Monday, September 16, 2013

A Taste of America

I first learned that there was a Costco in Melbourne just a few weeks after we arrived in Australia. However, at that time, we did not own a car, so having a membership to a warehouse for bulk shopping did not make much sense. Shortly after we purchased our car, my mom actually sent us a gift membership to Costco so that we could do some "American-like" shopping!

For my American friends reading the blog wondering "what's the big deal about Costco?," there are only 3 locations in Australia (compared with 451 in the States!). Australians seem to either love or hate Costco.  People I have spoken to like the concept of being able to buy in bulk, but because "things" (houses, cars, etc.) are generally smaller here, it is not always practical to transport and/or store the sizes/quantities that are sold at Costco. Some Aussies who have traveled in the States like being able to buy American products/brands there. Then there are those who loathe all things American and do not like watching their home country be slowly converted into a mini-America! Needless to say, those people are not thrilled about Costco.
It takes about 15 minutes to get to this Costco from our house.
It is easy to get out of control at a warehouse, buying things that you really don't need. However, I try to stick to my list (though I have been known to buy something that is out for sampling because it's delicious!), so that I can remain within a reasonable budget. Below are a few of my favorite American buys from Costco.
Hard-to-find corn tortilla chips and tasty salsa!
Straight from Canada, eh?!
No, I do not buy Vegemite (yuck!). I do buy Skippy PB! 
Yellow cheese!! A rarity in Australia.
Also, the only place I've found Jack cheese!
As far as things being a good "deal" at Costco, some things are and some aren't. I have found that some of the best deals are on eggs, frozen fruit, frozen veggies, and cheese. Some other American things that I am super-psyched to get at Costco are TIDE (Aussie detergents just don't would die to know what I pay for TIDE though), Bounty paper towels (again, ridiculously expensive but totally worth having paper towels that are actually absorbent), and Mrs. May's (they sell small packets in a few grocery stores but they are a much better deal at Costco). They also sometimes randomly have name brand clothes that must not have sold well in America (NorthFace, Nike, Adidas, Under Armour) and the prices for those items are very reasonable. I find it funny that the clothes are advertised in US sizes and the women standing around the table are never sure which size to pick. Booze can also be bought at Costco for more reasonable prices than at some bottle shops, though I will probably never consider $42 for a case (that's a slab for my Australian readers) of Corona a good "deal" having grown up in America.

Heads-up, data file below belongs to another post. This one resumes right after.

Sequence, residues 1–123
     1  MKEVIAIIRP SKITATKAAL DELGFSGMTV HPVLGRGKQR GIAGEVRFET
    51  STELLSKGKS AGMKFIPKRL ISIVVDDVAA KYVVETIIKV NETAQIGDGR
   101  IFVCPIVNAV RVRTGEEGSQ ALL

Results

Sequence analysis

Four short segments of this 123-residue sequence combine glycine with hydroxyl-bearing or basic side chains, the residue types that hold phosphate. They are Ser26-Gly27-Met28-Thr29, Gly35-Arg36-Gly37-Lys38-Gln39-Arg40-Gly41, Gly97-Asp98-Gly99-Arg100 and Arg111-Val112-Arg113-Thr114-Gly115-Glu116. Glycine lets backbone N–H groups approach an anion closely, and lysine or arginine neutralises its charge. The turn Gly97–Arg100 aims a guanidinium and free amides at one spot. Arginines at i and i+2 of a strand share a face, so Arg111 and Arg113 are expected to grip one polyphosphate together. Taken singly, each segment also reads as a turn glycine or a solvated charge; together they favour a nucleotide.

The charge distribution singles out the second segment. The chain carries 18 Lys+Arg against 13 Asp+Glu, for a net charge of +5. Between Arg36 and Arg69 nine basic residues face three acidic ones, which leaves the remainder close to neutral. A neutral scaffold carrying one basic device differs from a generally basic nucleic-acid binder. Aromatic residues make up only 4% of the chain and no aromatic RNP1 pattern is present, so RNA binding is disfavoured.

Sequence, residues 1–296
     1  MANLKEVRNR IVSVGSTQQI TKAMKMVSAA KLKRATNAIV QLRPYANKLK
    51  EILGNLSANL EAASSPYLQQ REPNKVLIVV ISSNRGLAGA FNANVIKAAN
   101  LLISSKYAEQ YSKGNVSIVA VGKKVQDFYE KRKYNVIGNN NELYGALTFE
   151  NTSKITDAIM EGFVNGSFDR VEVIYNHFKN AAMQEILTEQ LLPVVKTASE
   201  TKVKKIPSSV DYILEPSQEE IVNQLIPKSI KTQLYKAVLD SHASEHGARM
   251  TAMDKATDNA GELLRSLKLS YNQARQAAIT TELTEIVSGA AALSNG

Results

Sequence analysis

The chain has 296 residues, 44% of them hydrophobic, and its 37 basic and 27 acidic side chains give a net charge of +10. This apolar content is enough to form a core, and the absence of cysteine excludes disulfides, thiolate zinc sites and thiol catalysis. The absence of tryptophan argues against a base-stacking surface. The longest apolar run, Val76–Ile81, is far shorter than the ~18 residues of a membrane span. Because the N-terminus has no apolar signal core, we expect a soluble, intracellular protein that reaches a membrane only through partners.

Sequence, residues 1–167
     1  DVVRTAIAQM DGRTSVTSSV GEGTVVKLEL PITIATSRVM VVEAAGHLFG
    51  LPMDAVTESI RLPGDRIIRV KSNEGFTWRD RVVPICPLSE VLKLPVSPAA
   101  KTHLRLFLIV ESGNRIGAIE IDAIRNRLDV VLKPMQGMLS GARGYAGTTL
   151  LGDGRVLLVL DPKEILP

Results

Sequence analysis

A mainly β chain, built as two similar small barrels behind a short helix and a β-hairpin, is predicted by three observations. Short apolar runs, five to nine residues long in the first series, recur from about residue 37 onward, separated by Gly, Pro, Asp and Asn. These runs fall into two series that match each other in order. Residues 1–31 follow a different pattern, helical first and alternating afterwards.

On my most recent trip to Costco, I learned that one of my favorite buys, Ghirardelli baking chips, are no longer being carried by the store. It was a sad day in the Hanson household, as we hold great affection for freshly baked chocolate chip cookies. I am currently in search of an alternate supplier or perhaps a different baking chip, so please offer suggestions if you have any ideas! :)

Sunday, September 8, 2013